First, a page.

New Approaches in Open Access Publishing

Open access publishing has presented new opportunities for making research accessible and interactive, and the publication of my paper Towards an Effective Freeware Resource for Music Composition in the Primary Classroom in the London Review of Education last month raised one such possibility.

My research involves experimenting with new software approaches for musical pedagogy, and consequently much of my evidence consists of materials which cannot be effectively communicated by the usual text and image format of academic journals, such as audio, video and interactive examples. This has been a source of uncertainty for me in terms of how I’ll submit my PhD thesis, and how I’ll present the evidence I’ve collected during the past few years. The editors at UCL IoE Press wanted their readers to be able to see and hear the examples I discuss in my paper, so they asked me to export the files pupils made with my composing environment Graphick Score as videos. These were uploaded to the London Review of Education YouTube channel, with hyperlinks to specific videos embedded in the text of the article. This is an original approach which, in the spirit of open access, allows the reader to more fully engage with the materials discussed in the paper.

I’m very proud to see this approach taken with my paper, and am excited about the kinds of opportunities open access publishing presents for linking with other media. Practice-based research projects with creative and interactive outcomes have often faced compromise and limitations in how the work can be presented for academic discussion. This example raises the question of how other forms of media may be used to connect readers with research.

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Towards an Effective Freeware Resource for Music Composition in the Primary Classroom, London Review of Education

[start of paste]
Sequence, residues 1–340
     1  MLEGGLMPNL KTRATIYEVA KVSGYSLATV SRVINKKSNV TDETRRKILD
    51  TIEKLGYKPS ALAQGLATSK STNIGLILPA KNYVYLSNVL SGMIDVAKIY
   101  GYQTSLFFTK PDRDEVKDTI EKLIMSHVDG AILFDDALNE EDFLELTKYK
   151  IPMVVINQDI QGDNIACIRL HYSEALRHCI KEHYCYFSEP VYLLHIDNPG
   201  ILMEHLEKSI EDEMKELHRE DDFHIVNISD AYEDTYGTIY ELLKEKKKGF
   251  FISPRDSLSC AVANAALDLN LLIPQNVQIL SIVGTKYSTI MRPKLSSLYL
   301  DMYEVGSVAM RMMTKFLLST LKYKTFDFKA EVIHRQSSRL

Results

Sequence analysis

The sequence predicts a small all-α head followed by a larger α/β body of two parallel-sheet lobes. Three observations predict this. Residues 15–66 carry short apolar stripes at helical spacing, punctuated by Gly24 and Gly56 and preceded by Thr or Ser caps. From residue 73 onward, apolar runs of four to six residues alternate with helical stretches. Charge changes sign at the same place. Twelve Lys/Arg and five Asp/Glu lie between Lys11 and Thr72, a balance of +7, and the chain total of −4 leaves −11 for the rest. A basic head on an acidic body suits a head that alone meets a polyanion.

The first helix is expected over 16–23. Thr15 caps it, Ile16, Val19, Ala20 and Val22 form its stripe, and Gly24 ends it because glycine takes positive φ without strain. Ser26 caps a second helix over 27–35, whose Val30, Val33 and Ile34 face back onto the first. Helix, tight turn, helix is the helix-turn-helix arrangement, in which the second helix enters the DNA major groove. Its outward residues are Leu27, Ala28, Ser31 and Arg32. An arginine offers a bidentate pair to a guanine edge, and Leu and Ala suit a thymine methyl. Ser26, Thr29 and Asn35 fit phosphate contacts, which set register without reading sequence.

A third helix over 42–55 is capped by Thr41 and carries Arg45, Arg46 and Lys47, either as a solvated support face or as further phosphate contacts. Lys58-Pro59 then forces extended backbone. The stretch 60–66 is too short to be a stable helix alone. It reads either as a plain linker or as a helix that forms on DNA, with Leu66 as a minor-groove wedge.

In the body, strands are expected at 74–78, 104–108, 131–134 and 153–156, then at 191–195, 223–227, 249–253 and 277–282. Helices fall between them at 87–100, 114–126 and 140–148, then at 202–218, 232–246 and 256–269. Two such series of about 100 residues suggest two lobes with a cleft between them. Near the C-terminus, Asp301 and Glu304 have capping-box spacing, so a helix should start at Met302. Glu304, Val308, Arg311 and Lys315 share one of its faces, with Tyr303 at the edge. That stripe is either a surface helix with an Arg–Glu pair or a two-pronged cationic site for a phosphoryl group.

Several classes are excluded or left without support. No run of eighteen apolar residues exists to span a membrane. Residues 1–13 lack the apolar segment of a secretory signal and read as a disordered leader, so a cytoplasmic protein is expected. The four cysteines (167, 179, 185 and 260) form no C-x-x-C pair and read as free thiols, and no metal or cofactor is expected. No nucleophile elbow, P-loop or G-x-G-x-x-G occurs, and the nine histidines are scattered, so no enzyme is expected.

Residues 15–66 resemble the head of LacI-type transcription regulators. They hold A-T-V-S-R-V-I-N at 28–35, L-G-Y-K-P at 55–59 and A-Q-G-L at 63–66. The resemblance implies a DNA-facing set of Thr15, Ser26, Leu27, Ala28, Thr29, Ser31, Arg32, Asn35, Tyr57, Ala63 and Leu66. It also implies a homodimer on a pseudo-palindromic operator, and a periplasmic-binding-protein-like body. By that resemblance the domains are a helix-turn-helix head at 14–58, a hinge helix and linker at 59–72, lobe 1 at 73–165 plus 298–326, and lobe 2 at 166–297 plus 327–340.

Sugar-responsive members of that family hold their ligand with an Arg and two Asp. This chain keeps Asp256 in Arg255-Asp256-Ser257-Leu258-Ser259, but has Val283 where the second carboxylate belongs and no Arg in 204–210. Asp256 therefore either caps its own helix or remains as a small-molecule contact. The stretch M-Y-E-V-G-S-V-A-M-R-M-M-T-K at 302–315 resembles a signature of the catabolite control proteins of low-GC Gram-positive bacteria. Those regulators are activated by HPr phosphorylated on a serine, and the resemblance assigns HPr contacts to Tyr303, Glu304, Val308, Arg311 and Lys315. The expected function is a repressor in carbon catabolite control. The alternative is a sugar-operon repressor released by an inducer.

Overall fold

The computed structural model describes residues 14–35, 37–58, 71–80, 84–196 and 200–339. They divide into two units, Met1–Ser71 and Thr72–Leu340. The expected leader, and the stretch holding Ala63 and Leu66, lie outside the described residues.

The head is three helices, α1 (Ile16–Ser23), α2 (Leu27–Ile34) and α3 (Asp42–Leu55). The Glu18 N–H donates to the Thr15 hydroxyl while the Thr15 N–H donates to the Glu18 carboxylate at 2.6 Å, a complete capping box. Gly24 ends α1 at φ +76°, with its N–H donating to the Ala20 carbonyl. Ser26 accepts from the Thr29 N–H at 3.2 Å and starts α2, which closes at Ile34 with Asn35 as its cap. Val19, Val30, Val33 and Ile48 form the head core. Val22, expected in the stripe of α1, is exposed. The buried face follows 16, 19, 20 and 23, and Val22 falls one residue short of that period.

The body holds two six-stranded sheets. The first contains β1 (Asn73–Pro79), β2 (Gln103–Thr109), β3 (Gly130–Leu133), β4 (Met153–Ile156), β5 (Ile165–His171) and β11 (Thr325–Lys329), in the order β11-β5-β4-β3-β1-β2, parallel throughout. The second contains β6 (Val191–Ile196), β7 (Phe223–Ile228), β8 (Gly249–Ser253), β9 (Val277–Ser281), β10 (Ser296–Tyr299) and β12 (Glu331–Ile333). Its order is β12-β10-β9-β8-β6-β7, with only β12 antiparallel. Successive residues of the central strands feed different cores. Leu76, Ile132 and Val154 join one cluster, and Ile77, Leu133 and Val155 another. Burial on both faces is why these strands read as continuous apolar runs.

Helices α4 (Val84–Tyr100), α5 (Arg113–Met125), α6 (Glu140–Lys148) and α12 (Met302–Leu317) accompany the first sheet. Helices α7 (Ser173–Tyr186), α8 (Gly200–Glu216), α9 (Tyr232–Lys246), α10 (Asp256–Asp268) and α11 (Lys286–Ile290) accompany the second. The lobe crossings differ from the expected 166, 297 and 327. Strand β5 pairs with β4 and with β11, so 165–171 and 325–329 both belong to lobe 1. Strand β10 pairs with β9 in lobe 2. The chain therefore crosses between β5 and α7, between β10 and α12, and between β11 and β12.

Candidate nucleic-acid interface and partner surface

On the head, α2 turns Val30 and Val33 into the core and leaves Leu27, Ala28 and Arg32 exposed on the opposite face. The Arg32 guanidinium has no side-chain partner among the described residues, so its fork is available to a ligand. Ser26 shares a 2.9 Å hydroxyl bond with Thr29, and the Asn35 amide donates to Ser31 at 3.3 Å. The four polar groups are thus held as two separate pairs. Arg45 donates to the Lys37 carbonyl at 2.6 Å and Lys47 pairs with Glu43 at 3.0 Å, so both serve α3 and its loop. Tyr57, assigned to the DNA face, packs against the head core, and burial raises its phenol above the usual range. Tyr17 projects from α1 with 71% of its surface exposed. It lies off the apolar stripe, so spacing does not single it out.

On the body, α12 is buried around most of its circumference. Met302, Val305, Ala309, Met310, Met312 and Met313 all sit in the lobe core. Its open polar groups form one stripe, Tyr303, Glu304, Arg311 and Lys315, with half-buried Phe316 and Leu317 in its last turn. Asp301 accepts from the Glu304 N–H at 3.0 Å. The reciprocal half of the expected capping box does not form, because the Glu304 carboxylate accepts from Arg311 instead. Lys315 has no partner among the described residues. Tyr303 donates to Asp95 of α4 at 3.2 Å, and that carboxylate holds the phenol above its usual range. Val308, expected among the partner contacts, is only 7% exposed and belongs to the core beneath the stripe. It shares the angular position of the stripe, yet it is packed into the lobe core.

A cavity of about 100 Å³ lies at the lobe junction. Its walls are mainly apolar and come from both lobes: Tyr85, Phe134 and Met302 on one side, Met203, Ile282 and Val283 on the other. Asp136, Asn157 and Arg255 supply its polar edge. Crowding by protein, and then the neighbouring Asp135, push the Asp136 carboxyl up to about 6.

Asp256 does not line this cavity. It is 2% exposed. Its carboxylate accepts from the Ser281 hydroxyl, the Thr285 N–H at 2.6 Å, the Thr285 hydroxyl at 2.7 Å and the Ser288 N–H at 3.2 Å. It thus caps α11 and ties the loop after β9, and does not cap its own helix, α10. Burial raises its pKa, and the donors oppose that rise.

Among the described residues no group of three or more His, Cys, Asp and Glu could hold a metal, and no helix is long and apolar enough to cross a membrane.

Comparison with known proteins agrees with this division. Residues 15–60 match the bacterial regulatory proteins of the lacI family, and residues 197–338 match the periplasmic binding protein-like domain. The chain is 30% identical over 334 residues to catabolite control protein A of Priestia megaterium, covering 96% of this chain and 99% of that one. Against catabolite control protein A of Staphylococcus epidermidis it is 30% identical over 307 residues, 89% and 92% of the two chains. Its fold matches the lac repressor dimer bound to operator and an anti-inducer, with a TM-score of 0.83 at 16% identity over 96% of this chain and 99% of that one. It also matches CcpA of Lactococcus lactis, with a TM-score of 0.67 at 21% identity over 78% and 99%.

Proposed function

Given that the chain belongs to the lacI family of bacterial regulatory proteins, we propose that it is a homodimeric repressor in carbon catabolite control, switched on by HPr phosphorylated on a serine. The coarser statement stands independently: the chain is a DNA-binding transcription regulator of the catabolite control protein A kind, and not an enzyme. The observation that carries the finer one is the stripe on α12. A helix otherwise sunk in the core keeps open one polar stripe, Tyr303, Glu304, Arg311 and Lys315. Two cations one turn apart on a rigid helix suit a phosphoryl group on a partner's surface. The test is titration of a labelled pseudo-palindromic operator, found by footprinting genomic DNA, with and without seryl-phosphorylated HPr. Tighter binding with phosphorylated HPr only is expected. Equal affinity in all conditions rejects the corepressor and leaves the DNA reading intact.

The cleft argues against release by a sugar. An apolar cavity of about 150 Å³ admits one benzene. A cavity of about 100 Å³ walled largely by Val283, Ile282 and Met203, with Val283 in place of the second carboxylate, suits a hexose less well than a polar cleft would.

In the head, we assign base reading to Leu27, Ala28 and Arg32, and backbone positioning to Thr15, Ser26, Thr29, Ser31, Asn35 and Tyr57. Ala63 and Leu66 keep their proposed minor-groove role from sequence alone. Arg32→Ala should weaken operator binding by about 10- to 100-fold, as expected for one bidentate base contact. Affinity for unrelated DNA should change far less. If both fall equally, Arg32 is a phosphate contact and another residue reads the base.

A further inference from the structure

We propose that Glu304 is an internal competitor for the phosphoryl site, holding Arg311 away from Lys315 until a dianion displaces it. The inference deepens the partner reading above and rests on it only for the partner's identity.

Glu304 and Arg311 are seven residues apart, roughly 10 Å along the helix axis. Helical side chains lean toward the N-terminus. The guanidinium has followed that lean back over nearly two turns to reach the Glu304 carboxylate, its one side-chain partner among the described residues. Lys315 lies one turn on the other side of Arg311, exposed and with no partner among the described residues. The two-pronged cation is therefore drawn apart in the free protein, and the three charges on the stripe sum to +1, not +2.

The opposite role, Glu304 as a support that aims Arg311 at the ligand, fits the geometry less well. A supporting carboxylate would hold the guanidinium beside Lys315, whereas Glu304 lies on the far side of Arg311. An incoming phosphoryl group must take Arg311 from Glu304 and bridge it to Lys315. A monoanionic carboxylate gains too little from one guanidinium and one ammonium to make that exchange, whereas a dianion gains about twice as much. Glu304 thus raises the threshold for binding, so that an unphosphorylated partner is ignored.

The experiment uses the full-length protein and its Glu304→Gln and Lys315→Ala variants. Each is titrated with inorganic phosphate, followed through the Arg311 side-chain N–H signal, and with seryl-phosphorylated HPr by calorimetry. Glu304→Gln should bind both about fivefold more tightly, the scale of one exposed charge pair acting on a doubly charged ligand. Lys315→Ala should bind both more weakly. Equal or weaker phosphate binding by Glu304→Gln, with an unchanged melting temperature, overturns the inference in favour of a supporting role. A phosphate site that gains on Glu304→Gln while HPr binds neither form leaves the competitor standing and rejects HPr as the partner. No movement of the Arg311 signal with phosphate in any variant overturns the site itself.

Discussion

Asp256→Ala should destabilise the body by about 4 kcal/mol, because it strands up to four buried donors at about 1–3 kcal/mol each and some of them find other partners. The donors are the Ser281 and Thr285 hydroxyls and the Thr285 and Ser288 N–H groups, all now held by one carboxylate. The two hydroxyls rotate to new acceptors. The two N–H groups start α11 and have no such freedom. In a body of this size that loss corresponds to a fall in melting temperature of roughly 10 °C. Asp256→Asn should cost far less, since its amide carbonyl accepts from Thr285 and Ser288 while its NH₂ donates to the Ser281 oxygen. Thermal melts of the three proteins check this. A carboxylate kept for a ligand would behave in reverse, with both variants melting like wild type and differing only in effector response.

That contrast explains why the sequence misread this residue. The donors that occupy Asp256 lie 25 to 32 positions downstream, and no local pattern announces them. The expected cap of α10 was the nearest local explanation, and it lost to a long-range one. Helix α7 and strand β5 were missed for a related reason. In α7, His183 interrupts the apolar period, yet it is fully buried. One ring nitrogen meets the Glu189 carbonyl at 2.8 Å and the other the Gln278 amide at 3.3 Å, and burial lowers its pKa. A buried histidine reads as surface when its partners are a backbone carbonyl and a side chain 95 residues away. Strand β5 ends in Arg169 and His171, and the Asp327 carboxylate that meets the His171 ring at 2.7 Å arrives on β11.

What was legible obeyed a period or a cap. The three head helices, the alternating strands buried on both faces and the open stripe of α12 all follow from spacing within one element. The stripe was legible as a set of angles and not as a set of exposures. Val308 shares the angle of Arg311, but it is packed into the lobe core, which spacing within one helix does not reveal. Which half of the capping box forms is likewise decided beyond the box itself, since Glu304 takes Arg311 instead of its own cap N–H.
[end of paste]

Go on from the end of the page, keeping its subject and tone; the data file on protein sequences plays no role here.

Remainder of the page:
Second new paper in as many days! My paper ‘Towards an Effective Freeware Resource for Music Composition in the Primary Classroom’ has just been published in the new special issue of the London Review of Education on music education in context.

Figure 5

This paper goes into some of the research I’ve done for my PhD at the University of Salford, funded by the Arts and Humanities Research Council. I talk about how musical pedagogy and creativity can be supported by ‘sandbox’ virtual learning environments, and present classroom research with my own VLE ‘Graphick Score’. The article also breaks new ground by embedding video within an academic paper, which has some real potential for communication and interaction with research of a more practical nature.

The London Review of Education is published by the Institute of Education at University College London. The IOE has been ranked 1st globally for education in the QS World University Rankings since 2014, so I’m exceptionally proud to have my paper published here alongside these other fantastic articles.

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The Tablet as a Classroom Musical Instrument, ATINER Conference Paper

atinerMy conference paper for the Athens Institute for Education and Research, which I attended in May, is now available online. It will be published in one of the forthcoming journals, but the paper is also available here.

The article is about the use of the touchscreen tablet for early-years music education. It refers to some research I did last year with a Year 5 class, working with a fairly simple iPad app prototype to look at some of the basics of collaborative musical performance and composition with a touchscreen device. There were a lot of interesting outcomes from just these two sessions, and I’ve since done more work in this area. I’m currently writing a follow-up paper looking at some further applications of digital technology for creative pedagogy, but before then I’ll be posting links to my article for the London Review of Education, which is also out this month.

I maybe should have waitied another month to post this paper though, as the lessons took place last December and there’s consequently a bit of a festive theme!

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Book Review, Oxford Handbook of Music and Virtuality


My review of the Oxford Handbook of Music and Virtuality has just been published in the Spring 2017 edition of Studies in Popular Culture. You can read my review in the journal, and I’ll update this post with a link when I have one.